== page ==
"W's" have whooshed willy-nilly through my world this past week. I hope you enjoy the post and if you do, you may also love the amazing ABC Wednesday web site, where other thoughts about the letter "W" will be expressed in witty and wondrous ways.
Wags, wiggles and lots of sniffs but no whines, whimpers or woofs ensued..
when wee Black Jack welcomed these two well-wishers into her space the other day.
One of the dogs got a whiff of the treats in my pocket and used his winsome brown eyes to suggest that I share the goods.
When we walked under the Cambie Bridge a day or two later, the warm light wrapped itself around the pillars in a whimsical and winning (in our book) design .
You saw photos from that walk in my previous post, many of them inspired by Bill, and since he and Black Jack make my world wondrously happy, here they are in all their worthy glory.
but was finally happy to catch one of the horses whispering a secret to the other.
On the day of the high tide (previous post), I witnessed a wildlife story that reminded me that it is okay to work hard for the things we want. These cormorants, with the white breast markings of adolescents, were sitting on the False Creek sculpture, Brush with Illumination.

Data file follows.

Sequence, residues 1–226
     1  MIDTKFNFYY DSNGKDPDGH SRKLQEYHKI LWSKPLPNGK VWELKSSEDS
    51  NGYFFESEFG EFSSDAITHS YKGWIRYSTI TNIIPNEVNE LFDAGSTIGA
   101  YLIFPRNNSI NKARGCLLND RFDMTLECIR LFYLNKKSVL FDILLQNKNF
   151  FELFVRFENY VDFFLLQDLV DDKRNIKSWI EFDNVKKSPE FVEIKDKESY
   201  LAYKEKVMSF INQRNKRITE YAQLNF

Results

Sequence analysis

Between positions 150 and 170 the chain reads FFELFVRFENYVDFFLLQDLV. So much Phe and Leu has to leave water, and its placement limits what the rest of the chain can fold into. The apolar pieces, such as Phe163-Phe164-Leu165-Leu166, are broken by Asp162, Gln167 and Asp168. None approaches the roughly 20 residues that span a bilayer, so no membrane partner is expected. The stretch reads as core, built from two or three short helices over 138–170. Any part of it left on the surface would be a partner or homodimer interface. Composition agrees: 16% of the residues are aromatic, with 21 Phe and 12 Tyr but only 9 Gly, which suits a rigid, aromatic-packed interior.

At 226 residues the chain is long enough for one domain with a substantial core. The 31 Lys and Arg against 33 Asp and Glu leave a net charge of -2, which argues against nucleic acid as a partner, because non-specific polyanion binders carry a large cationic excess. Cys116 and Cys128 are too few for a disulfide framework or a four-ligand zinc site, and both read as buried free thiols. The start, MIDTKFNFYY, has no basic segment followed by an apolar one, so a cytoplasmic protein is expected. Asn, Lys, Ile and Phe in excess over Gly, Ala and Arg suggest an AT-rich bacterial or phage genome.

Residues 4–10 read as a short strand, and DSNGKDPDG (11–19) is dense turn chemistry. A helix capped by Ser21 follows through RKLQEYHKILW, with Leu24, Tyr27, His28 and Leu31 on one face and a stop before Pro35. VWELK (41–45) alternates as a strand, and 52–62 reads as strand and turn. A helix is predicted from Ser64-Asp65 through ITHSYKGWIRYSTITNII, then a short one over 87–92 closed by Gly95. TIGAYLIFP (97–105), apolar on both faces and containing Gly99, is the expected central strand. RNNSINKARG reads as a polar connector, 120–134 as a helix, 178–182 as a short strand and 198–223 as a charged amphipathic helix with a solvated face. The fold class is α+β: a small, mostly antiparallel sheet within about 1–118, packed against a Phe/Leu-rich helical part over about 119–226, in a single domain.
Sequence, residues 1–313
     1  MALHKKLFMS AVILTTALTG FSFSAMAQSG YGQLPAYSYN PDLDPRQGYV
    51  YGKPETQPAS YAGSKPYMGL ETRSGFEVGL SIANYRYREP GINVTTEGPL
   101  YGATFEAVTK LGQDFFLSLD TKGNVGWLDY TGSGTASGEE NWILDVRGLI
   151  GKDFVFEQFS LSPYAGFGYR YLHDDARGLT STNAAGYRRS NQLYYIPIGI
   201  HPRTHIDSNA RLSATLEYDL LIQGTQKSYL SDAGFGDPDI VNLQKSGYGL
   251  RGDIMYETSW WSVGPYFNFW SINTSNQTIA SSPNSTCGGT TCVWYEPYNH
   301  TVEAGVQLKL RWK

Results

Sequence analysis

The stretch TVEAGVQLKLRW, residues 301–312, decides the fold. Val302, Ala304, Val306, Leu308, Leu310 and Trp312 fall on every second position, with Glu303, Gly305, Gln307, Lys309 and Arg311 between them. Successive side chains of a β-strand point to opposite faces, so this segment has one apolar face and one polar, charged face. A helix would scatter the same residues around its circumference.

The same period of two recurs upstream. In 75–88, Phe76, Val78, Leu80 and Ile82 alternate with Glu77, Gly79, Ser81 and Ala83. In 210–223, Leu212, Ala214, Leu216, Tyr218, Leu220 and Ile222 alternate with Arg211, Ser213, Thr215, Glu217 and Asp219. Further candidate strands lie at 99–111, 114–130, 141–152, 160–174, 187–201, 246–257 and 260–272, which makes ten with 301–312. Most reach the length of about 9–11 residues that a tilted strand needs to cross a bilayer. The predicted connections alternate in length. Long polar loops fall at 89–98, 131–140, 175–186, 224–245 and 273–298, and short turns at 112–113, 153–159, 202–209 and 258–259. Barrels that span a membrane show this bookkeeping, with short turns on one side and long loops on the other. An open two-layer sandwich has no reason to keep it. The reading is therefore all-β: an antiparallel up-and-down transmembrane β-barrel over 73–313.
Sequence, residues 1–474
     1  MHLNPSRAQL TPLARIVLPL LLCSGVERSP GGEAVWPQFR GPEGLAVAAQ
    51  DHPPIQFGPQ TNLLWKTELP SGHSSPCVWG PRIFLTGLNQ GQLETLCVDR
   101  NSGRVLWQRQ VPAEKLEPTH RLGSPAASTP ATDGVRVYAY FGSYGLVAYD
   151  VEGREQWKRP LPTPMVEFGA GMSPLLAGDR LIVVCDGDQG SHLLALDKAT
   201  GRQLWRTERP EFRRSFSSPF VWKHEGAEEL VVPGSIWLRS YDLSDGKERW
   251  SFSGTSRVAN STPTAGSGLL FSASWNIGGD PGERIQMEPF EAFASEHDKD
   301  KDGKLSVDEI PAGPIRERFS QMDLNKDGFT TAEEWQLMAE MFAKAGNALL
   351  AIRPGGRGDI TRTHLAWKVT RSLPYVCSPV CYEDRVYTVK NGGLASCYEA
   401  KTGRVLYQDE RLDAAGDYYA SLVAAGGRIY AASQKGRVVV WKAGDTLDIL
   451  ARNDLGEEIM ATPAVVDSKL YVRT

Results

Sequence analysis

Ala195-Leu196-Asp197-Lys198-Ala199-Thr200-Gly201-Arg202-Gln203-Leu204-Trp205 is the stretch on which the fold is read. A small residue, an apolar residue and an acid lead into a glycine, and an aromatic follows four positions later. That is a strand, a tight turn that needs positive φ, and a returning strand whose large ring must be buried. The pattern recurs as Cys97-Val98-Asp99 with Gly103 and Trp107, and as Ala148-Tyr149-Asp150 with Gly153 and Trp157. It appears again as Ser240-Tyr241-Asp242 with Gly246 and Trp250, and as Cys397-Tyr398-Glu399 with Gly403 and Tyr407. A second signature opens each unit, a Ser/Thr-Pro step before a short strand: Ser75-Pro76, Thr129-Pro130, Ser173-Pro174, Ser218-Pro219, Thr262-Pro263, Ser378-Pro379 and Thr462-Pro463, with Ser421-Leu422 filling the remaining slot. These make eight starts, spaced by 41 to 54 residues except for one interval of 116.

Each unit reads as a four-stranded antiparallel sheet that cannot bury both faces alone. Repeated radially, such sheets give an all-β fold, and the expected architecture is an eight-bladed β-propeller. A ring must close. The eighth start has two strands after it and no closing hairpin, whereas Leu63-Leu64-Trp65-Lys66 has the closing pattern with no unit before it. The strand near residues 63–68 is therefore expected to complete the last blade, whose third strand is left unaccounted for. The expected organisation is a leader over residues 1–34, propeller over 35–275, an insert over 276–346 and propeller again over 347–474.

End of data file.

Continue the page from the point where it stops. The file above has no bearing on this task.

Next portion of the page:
Here is a photo of the whole sculpture (taken a while ago) to help you with the story details. It is interesting to me because of its response to wind, wave and weather conditions, but most of all, I love it for the respite it provides to birds, and especially, to the local cormorants.
One of them did a wobbly take-off..
and a rather wonky landing.
The floating ball at the base of the sculpture seemed a weird place to want to land, but s/he was determined to settle there.
S/he tried many times but always slipped off. I was impressed that this gritty whippersnapper had such a strong will.
I would have been woozy after so many failed attempts, but s/he didn't waver in his/her effort to figure out a solution to the problem.
Believe it or not, this wriggling scramble is the one..
that won out..
in the end. Whoopee!
These watchers witnessed the entire saga, but didn't appear to be impressed with the young cormorant's willpower. I guess, for them, such persistence is an everyday occurrence.
Other wildlife sightings over the past few days had me,
yet again, gazing in wonder..
into the eyes of a sparrow, a duck in the water..
and a wise juvenile crow.
And then, yesterday, Yaletown became a Winter Wonderland.
Well, to be honest, it was a wet snow that must have felt quite heavy on this seagull's wings,
but it created wonderful patterns on the tree branches.
This boy worked hard to build a snowman.
The snow barely covered the grass, but his friend helped by transporting handfuls from a wide area of the park.
Here, his friend wanders off to look for more building material..
but in spite of a noble effort, the final result was, like the cormorant's landing, a bit wonky. I watched the small tableau from my balcony window and it warmed my heart.